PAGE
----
Of the recipe writing style in the two different books, there are some important differences in Stevens' favor. The first is that she gives the braising time for each recipe. The second is that her numbered recipe steps highlight the point of each step, making it easier to mentally tick off where you are in the recipe. The third is that Stevens gives several more variations, albeit relatively small variations in recipes, than does Boulud / Clark. Both writers (and in this area I think we are primarily reading Melissa Clark) give us very nice sidebars on technique and ingredients. As Boulud has a wider range of ingredients, his asides in this area are more interesting.
On the use of color photographs, both use the `economical' option of special `rotogravure' sections scattered throughout the book where all the color pics appear. If color pictures are important to you, this may be a nuisance, but both books are the same, and I think the quality of the photography is the same in both books.
Now we get to those areas where Boulud / Clark has something special to offer.
The first thing we encounter is Boulud's characterization of the book as a collection of International recipes. Braising has often been described as THE distinctive French technique, just as stir-frying is THE distinctive Chinese method of cooking. But, Frenchman Boulud pulls in techniques from around the world and adapts them to his own style.
Thus, the second distinctive aspect of the book is that unlike Stevens' recipes, almost all the recipes in this book are Boulud originals. While every recipe may have started somewhere else, he has made them all his own by some change or other.
A third distinction is that Boulud tends to use a wider range of ingredients than Stevens. Now I encountered absolutely nothing in Boulud's recipes which I have not seen a dozen times before, but you will definitely need a bigger pantry if you start making Boulud's dishes. One ingredient I am especially happy to see (and which seems to be a Boulud favorite) is chestnuts.
The fourth and most important aspect of Boulud's book that sets it apart is the fact that his recipes may generally be considered more `artisinal'. What that means is that on average they can be more complicated and take more time and more effort to prepare. This is not a bad thing, if you really want to make a big impression.
The fifth distinction one finds in Boulud / Clark is the excellent photographic tutorials you get for the techniques of some of the more distinctly artisinal dishes. My favorite is the stuffed cabbage with pork and chestnuts, which requires no less than twelve (12) pictures to fully illuminate the method for assembling the dish.
If you like distinctive dishes and ingredients, Boulud is your man. If you are a foodie cookbook collector, you need both books. If you prefer simpler, easier dishes, definitely get Stevens first.
I tried seven dishes. Of the four beef dishes my family ate, only the Beef Shoulder with Jerusalem Artichokes and Carrots was tasty enough to be served again. It was complex and the Jerusalem Artichokes were exotic but did taste like they belonged in a beef stew.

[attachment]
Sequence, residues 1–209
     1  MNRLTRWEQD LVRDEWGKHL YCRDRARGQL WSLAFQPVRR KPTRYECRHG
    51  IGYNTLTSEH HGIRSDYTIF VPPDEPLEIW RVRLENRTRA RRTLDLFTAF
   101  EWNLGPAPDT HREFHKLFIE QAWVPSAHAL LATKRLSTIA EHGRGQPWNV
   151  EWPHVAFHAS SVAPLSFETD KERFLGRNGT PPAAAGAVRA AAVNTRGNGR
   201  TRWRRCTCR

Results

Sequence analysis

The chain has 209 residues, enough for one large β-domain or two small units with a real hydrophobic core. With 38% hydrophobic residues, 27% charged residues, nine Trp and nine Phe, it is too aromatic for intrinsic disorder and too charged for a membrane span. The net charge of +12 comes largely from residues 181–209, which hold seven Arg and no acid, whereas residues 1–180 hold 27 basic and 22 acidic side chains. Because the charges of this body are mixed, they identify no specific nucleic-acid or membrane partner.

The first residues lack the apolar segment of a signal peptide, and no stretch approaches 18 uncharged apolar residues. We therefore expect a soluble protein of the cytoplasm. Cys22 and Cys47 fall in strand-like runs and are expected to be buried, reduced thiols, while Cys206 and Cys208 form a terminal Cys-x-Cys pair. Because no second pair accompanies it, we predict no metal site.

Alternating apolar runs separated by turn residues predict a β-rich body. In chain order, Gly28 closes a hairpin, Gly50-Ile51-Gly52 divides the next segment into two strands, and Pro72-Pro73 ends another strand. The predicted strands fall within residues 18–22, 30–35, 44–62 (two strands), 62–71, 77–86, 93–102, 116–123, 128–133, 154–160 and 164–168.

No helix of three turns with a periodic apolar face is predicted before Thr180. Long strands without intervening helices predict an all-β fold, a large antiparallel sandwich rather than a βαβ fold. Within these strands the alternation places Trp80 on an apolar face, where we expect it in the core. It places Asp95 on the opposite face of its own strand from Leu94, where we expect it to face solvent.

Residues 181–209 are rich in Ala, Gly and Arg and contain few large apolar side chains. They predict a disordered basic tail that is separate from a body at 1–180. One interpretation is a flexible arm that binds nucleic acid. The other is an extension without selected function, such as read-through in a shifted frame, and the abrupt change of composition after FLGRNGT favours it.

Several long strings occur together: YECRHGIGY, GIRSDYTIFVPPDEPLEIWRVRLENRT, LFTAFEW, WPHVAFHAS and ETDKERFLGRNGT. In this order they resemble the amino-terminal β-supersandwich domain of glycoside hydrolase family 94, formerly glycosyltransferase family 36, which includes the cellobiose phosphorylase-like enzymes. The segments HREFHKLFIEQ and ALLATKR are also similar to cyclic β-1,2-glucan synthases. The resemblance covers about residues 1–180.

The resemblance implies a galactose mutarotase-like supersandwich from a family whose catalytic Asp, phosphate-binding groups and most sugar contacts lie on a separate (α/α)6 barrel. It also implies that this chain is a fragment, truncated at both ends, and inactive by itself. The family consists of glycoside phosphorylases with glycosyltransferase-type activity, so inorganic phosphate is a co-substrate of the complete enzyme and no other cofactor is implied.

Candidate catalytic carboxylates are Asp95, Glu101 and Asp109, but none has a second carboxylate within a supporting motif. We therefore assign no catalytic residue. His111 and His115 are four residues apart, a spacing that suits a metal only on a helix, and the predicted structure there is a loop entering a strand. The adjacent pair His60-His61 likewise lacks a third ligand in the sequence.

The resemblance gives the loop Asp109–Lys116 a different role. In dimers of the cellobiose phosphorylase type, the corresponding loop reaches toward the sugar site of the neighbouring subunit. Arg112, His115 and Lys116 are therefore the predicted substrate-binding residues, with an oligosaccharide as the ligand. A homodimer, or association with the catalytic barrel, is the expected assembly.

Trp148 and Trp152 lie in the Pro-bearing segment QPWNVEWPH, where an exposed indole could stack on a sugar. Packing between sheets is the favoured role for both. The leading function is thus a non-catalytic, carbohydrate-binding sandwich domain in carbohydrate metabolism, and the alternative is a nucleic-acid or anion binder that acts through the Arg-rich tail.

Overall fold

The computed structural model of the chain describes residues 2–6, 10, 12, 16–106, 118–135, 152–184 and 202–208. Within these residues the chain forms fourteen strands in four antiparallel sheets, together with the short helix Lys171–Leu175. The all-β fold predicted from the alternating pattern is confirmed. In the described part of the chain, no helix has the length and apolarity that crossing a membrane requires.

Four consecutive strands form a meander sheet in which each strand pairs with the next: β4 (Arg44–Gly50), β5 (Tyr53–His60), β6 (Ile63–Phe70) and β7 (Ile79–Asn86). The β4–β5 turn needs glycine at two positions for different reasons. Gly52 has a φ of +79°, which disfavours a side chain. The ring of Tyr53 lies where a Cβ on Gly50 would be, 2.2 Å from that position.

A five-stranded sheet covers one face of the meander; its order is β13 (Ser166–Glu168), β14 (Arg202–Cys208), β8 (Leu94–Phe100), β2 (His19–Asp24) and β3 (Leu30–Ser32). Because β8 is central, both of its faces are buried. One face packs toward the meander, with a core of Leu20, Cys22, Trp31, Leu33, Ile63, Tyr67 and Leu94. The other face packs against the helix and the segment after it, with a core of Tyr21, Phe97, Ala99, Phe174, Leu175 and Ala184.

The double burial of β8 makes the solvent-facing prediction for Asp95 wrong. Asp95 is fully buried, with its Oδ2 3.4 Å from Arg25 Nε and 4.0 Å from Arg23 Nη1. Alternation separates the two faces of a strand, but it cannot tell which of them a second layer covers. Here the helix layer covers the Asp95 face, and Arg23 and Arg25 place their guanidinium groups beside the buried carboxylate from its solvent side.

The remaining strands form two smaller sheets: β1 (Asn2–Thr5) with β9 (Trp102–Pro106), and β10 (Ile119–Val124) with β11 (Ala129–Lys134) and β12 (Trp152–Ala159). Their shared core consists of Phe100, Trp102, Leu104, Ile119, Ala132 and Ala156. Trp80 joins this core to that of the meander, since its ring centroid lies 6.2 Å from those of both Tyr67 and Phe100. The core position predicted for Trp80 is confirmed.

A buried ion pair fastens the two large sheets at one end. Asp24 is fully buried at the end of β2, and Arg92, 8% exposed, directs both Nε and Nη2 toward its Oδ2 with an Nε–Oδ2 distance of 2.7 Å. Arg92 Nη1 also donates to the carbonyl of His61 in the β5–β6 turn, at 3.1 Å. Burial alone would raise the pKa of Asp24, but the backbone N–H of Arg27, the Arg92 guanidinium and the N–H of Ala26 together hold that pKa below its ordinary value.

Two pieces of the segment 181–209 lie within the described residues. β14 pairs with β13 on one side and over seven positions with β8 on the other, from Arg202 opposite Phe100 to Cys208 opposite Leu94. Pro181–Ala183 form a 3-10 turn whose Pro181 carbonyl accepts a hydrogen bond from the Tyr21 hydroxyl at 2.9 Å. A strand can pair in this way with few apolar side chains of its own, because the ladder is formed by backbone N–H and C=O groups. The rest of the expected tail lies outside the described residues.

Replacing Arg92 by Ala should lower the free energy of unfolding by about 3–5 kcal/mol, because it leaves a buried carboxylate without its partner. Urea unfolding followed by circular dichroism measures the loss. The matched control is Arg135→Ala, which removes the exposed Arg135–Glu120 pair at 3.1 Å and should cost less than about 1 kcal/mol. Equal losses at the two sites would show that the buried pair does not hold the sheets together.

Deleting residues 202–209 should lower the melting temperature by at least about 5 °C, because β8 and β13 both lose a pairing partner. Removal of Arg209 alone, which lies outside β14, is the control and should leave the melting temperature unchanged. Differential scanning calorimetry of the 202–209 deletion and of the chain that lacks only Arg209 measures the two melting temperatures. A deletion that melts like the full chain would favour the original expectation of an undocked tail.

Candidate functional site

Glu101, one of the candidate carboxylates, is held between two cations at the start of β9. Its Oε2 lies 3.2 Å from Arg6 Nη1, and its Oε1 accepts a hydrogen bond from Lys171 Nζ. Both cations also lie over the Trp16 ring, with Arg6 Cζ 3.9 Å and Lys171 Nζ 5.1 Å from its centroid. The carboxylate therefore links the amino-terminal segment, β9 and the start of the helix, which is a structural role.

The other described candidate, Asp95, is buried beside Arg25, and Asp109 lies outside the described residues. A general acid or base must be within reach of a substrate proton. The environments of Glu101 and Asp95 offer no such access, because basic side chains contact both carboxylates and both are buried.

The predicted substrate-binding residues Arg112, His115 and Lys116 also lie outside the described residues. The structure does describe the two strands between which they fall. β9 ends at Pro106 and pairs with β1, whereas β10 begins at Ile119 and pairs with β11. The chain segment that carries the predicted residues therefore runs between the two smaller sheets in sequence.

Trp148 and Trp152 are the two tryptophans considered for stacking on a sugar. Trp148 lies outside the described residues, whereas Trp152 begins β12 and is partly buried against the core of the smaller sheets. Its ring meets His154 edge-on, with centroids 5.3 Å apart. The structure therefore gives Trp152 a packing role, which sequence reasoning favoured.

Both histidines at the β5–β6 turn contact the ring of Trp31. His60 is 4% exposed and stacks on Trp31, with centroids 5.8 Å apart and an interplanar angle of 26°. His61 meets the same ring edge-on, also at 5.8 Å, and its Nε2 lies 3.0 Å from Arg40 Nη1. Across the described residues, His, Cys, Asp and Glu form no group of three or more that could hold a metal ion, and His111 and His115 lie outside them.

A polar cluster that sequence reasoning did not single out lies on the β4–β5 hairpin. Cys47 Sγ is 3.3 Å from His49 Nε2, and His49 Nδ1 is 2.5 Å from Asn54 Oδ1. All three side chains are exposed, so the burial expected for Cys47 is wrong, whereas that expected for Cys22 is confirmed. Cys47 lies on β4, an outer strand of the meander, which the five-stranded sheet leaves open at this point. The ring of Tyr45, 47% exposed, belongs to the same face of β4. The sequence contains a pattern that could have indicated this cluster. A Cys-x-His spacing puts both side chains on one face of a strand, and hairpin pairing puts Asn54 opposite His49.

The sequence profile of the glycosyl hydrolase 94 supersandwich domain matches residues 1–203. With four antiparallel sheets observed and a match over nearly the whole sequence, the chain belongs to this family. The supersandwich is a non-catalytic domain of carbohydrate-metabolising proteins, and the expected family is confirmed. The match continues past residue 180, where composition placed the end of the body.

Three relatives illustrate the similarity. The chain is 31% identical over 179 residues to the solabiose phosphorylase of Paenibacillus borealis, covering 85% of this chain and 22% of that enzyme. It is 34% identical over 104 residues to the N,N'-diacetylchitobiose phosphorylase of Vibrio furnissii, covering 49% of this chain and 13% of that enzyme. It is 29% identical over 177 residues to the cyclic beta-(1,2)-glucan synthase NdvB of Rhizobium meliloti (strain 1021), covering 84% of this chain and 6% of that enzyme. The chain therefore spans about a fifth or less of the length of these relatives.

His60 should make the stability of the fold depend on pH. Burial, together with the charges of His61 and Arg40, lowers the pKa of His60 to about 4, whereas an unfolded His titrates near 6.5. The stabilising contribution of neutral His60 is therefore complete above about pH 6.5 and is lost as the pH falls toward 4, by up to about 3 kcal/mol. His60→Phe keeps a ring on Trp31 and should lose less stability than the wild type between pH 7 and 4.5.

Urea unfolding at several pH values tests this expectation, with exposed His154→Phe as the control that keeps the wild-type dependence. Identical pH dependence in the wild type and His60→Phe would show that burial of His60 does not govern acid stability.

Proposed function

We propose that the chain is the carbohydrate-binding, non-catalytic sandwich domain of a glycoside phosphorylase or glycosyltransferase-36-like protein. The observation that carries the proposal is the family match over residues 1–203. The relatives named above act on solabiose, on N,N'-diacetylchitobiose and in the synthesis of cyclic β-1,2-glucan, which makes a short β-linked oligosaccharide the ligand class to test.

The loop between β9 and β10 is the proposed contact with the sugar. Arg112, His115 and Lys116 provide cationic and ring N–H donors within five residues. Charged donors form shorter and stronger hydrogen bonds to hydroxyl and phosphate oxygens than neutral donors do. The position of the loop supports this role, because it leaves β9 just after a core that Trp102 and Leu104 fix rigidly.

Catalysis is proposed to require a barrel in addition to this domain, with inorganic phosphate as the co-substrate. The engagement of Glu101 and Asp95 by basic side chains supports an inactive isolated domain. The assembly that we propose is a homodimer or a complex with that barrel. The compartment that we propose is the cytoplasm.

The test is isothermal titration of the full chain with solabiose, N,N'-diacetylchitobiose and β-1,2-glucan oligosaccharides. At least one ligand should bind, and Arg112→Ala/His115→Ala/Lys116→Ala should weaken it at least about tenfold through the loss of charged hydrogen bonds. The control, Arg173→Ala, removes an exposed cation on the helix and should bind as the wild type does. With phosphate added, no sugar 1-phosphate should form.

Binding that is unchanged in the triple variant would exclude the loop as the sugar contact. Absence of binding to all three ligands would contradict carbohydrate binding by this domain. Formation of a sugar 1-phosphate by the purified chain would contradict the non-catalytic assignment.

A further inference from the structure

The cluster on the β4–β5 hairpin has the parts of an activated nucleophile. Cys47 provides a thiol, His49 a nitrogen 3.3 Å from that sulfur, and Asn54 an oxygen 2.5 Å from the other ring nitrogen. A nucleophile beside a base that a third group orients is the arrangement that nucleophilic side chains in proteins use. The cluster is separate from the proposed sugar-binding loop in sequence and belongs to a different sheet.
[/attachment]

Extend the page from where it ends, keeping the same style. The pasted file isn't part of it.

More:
We also ate the Paleron de Boeuf au Vin Rouge, which was merely an adequate variation on a daube,and Smoky Beef Chili, which uses lime juice instead of tomato for its acid,but cooking dimished the tang, so the final flavor seemed tamed and dull. We tried the Braised Ground Beef with Split Peas, Apricots and Apples and the Red Cabbage with Apples and Honey,and they were both way sweet. My daughter loved the cabbage candy.
I also cooked the Veal Breast Braised with Cinnamon and Green Olives, which was edible(unlike the two previous) but, well, maybe the nuance of the 20/lb serrano ham is lost after being braised for 2 hours. Again, the cinnamon seemed to give an excessive sweetness to the dish.
I tried the dessert braise of Mangoes and Carrots With Honey and Ginger-Lime Whipped Cream. The cream was outstanding, but the braise was a what was I thinking moment.
Over all, I've been disappointed. Maybe I'll have tastier times with fowl and pork.
She is long gone now, but I wish I could have given her a copy of this book. Here are about a hundred recipies cooked this way. The variety, the spices -- it seems that every type of cooking has dishes that are braised. Here the dishes come from Thailand, Italy, Mexico, Turkey, Lebanon, France, Russia, China and many other places. There is the distinctive flavors of each of these cooking type, but each dish has been thought about, modified, tested and made Boulud's own.
Tonight I'm serving Ropa Vieja, a Cuban braised flank steak with peppers, tomatoes, and onions. I started it marinating last night. I started it cooking a couple of hours ago. It smells wonderful.
The poultry recipes were better. The Lapin Dijonnaise was fantastic, and when I made it again with chicken thighs, it was even more flavorful.
All in all, I'd say this will not be one of my favorite cookbooks, even though I love braising. The recipes are too complicated, too costly, and not worth the trouble.